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Articles Tagged with Ponzi Scheme

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Back in June, we told you about five former brokers charged by the SEC when the agency shut down their Ponzi scheme worth $102 million.

What-Keeps-a-Ponzi-Scheme-Running-300x200Scott Silver recently spoke with Jennifer Cefalu of WHEC News in Rochester, NY, where two of the suspects lived and the scheme originated. The scheme was run by Perry Santillo, Jr. and Chris Parris, with Santillo headlining.

Santillo, Parris and three others recruited their investors by word of mouth, after buying client lists from brokers. Ultimately, 637 people were defrauded, many in the Rochester area. The entities they represented were not registered with any federal agency like the SEC or FINRA, nor were any of them registered brokers or investment advisors.

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There are many different types of investment and securities fraud scams designed to bilk investors out of millions of dollars. Sometimes even billions.

As was the case of one of the world’s most famous Ponzi schemers, Bernie Madoff, who is spending the rest of his life in prison.

Attorney Scott Silver, of the Silver Law Group says:

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Silver Law Group continues to investigate Perry Santillo Jr. (“Santillo”), founder and chief executive of High Point Wealth Management. According to a recent Investment News article, Santillo was barred by Maryland regulators for “dishonest and unethical trade practices,” that included selling unregistered securities by fraudulent means. Santillo allegedly solicited clients from an investment advisory business he acquired last year from its barred owner, Philip Rousseaux. Santillo faces almost $3.5 million in civil penalties and fines. Santillo acquired Everest Investment Advisors after its owner, Mr. Rousseaux, had his registration as an investment adviser revoked in March for deceptive securities sales practices. Mr. Rousseaux previously recruited clients through his popular infomercials featuring “The Money Guys.” Santillo, according to the order barring him, in November began soliciting former Everest clients through e-mails explaining how their transition would work in regards to their investments. He would then advise them to sell securities and transfer assets to a self-directed IRA. He also asked client to sell their annuities in face-to-face meetings. Then, Santillo would recommend the clients invest in unsecured promissory notes that were used to finance his own companies.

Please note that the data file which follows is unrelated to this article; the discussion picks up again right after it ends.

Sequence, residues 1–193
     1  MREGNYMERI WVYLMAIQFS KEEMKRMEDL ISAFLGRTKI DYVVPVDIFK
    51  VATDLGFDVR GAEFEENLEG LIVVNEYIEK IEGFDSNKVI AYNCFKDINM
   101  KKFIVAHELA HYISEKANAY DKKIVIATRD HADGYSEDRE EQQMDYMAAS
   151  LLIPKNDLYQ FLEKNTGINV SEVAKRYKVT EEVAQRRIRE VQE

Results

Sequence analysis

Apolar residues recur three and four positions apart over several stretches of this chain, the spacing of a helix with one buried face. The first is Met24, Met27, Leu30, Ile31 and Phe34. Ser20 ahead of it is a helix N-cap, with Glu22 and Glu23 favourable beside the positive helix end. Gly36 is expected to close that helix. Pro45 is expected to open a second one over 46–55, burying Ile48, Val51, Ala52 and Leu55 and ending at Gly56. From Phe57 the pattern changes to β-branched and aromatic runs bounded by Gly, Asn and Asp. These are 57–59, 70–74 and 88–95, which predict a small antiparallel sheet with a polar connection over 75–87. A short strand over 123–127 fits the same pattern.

SWhat-Keeps-a-Ponzi-Scheme-Running-300x200antillo, Chris Parris and others are accused of running a massive Ponzi scheme and paying former stockbrokers and investment advisors to retire and send their clients to their companies.  Silver Law Group is assisting investors who were encouraged to liquidate retirement accounts and other investments to invest in the First Nationle Ponzi scheme.